Accepted Admissions Consulting Blog http://blog.accepted.com Admissions consulting and application advice Fri, 22 May 2015 16:10:12 +0000 en-US hourly 1 http://wordpress.org/?v=4.2.2 Are MBA Rankings REALLY Important? http://blog.accepted.com/2015/05/22/are-mba-rankings-really-important-2/ http://blog.accepted.com/2015/05/22/are-mba-rankings-really-important-2/#respond Fri, 22 May 2015 16:10:12 +0000 http://blog.accepted.com/?p=30555 What do the MBA rankings mean to you? What will they teach you? Should you trust them? Are MBA rankings REALLY important? In our guide, MBA Rankings: What You Need to Know, newly updated and expanded for 2015, Linda Abraham will walk you through the process of locating the rankings, sifting through them for the […]

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What do the MBA rankings mean to you? What will they teach you? Should you trust them? Are MBA rankings REALLY important?

In our guide, MBA Rankings: What You Need to Know, newly updated and expanded for 2015, Linda Abraham will walk you through the process of locating the rankings, sifting through them for the important information, analyzing the relevant data, and then finally, USING that information to help you choose the best MBA program for YOU.

MBA Rankings: What you  need to know

The rankings ARE an important tool, but they’re also a tool that can easily be abused. Learn how to use the rankings properly when you download MBA Rankings: What You Need to Know today!

Are You Misusing the B-School Rankings?
Accepted: The Premier Admissions Cosultancy

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PhD Funding Disparities http://blog.accepted.com/2015/05/22/phd-funding-disparities/ http://blog.accepted.com/2015/05/22/phd-funding-disparities/#respond Fri, 22 May 2015 15:46:54 +0000 http://blog.accepted.com/?p=30990 The Chronicle of Higher Education reports that unequal funding for PhD students across disciplines is leading to an “unequal education,” where students in relatively flush disciplines (such as business and the STEM fields) enjoy more comfortable stipends, while those in the humanities and social sciences are left scrambling to find jobs off campus or take […]

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How will you afford your Social Science Ph.D?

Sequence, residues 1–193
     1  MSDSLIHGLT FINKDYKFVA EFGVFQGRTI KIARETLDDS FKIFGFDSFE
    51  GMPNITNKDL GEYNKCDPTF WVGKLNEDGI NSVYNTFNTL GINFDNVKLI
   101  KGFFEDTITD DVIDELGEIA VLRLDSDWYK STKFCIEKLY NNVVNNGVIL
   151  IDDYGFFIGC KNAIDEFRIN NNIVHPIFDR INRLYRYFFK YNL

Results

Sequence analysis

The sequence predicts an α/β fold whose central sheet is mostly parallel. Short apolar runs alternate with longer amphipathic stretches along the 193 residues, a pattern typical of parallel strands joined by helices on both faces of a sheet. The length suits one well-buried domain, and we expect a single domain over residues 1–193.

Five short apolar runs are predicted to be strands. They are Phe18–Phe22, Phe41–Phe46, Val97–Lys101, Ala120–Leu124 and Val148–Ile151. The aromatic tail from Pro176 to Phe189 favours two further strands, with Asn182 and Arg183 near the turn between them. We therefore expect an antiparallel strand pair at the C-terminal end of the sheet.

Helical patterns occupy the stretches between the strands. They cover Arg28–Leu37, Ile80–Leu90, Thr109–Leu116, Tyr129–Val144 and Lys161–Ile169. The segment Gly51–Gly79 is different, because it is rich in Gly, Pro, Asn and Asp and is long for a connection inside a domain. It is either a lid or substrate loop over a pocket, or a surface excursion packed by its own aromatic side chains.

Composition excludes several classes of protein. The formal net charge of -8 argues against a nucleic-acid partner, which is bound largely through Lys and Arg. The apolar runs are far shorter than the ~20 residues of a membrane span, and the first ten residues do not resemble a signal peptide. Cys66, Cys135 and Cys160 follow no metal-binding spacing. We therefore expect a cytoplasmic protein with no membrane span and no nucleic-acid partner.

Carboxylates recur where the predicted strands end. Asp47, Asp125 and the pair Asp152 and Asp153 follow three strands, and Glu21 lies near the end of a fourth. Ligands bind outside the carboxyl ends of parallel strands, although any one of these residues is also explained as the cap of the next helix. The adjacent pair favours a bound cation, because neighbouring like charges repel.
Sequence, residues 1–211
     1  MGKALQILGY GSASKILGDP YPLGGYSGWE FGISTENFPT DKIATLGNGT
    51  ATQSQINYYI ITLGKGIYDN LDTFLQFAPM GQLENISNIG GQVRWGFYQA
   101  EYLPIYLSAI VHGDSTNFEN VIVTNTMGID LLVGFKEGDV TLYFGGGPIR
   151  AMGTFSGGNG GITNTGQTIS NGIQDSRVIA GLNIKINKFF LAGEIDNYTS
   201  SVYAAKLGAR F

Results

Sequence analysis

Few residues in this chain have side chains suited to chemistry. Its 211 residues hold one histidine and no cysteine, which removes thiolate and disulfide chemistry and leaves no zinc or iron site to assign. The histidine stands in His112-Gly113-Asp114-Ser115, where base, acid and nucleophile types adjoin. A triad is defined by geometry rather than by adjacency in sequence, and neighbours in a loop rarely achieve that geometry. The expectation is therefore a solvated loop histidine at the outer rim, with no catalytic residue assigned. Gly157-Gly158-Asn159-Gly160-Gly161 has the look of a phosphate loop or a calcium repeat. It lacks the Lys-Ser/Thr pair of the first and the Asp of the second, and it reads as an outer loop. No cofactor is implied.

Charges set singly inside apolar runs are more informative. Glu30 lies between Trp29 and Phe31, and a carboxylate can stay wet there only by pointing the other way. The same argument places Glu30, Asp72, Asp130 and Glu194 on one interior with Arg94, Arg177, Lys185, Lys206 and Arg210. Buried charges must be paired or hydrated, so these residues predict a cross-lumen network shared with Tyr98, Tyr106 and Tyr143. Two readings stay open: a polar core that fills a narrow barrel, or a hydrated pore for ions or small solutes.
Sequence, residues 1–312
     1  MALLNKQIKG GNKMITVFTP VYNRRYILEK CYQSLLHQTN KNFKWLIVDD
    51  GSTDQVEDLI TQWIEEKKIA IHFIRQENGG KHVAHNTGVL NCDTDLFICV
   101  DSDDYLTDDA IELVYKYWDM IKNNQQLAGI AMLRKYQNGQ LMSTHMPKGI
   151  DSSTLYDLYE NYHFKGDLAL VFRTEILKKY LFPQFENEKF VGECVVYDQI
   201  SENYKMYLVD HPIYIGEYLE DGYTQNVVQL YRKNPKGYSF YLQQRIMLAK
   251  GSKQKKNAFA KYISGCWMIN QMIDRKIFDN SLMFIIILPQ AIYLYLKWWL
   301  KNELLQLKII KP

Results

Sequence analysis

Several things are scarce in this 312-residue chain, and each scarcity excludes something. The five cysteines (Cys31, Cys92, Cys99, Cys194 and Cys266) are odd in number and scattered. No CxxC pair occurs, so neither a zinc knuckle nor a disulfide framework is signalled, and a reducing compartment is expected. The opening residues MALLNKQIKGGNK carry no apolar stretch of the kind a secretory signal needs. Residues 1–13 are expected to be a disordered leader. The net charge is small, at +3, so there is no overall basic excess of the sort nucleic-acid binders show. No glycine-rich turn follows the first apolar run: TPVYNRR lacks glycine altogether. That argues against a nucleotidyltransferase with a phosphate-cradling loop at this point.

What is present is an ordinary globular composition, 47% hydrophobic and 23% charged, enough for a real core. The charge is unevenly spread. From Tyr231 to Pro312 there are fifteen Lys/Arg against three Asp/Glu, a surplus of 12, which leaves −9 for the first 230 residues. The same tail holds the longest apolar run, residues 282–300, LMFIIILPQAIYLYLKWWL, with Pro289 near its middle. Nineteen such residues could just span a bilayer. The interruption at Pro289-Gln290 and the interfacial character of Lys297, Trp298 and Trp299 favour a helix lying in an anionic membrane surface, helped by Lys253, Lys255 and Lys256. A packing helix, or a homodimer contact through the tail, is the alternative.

The Chronicle of Higher Education reports that unequal funding for PhD students across disciplines is leading to an “unequal education,” where students in relatively flush disciplines (such as business and the STEM fields) enjoy more comfortable stipends, while those in the humanities and social sciences are left scrambling to find jobs off campus or take out loans to supplement their much smaller paychecks.

The Chronicle’s story focuses on grad students at the University of Houston—a PhD student in Business whose stipend of $33,000/yr puts her among the most generously-funded grad students, as well as students in the humanities and social sciences whose stipends started at a far more modest $11,000-$13,000 (even after recent, hard-won funding increases, funding in those departments is well under $20,000/yr).

There are many factors that contribute to this disparity, including the availability of research grants in the field, the competitive profile of the department, and the university’s investment in developing its reputation in the discipline (as well as what it is willing to do to recruit top students in the field).

As the Chronicle story makes clear, low stipends have multiple effects: students might be forced to take out loans to fund their degree, when they likely already carry debt from their undergrad education and the academic job market is ever more insecure. Or they might search for off-campus employment (often in violation of the terms of their PhD funding packages), which can slow their progress to their degrees and take time away from the work they need to do to be successful academically (publishing, university service, etc).

A recent piece in The Atlantic highlighted the problem of PhD student debt and compared the average debt burden across disciplines: